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Review: Clyde Prestowitz’s The Betrayal of American Prosperity

Thursday, November 5, 2015 18:22
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By Hunter Wallace

Clyde Prestowitz’s The Betrayal of American Prosperity is an excellent book.

Many years ago, I stumbled across Prestowitz’s work while in college at Auburn. If memory serves, I believe that I learned of him through one of Pat Buchanan’s books or columns, and he had a formative impact on my views on trade and economics. Now that trade is heating up as a major issue in Donald Trump’s campaign, I decided to look up Prestowitz again to get a more substantial take on trade policy.

There is a lot of real good stuff in this book for those who are unfamiliar with economic history. Great Britain, for example, became a superpower by ruthlessly building up its own shipping, trade, navy and colonies. It was only after Great Britain reached the top of the international economic pecking order that it embraced the free-market, free-trade laissez-faire gospel in the mid-nineteenth century. From 1850 to 1950, the story of the next hundred years of the laissez-faire era was Britain’s relative economic and geopolitical decline viz Germany and the United States.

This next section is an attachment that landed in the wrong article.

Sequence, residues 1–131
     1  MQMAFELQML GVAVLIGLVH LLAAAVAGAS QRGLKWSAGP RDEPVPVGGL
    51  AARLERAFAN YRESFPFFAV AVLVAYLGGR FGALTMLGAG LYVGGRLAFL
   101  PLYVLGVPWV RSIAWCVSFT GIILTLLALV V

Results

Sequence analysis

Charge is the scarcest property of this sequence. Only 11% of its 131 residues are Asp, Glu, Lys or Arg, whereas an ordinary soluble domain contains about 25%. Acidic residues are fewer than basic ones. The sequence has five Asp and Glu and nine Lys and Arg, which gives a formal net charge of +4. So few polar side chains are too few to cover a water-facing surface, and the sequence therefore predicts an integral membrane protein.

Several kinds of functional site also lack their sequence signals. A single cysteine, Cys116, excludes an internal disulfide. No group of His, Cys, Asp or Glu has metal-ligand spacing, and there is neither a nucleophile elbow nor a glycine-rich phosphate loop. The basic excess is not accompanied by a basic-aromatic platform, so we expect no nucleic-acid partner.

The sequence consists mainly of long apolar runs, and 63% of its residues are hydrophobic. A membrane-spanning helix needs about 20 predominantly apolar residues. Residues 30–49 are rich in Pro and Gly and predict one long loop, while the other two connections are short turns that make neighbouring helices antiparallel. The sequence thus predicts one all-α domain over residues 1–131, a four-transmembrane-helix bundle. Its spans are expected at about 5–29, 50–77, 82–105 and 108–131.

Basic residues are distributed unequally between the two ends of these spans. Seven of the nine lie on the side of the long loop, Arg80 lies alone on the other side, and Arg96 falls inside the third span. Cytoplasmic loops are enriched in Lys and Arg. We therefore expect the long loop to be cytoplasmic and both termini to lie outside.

After winning its independence, the United States was divided into two rival camps: to simplify a complex story, the followers of Thomas Jefferson believed in a weak federal government and a future in agriculture, while the followers of Alexander Hamilton wanted to catch up with Great Britain by creating a strong federal government, investing in infrastructure, and building a more diversified economy based on manufacturing. The Hamiltonian view prevailed after the War of 1812 and until 1945 the United States had a “protectionist” trade policy.

Behind that “protectionist” tariff wall, the United States became the richest, most self-sufficient, and powerful nation in world history. At the same time, laissez-faire Great Britain which practiced unilateral free trade fell behind the United States and Germany before it was ultimately reduced after WW1 and WW2 to a position of dependence as an American satellite in the Cold War era.

After the Second World War, the United States inherited Great Britain’s former role as the leader and guiding light of the liberal international order. By the 1950s, America had caught up and surpassed its rivals in almost every industry and the view from the top of the world looked different to US policymakers from the view at the bottom. The great cause of the time became the containment of the Soviet Union and the defeat of world communism.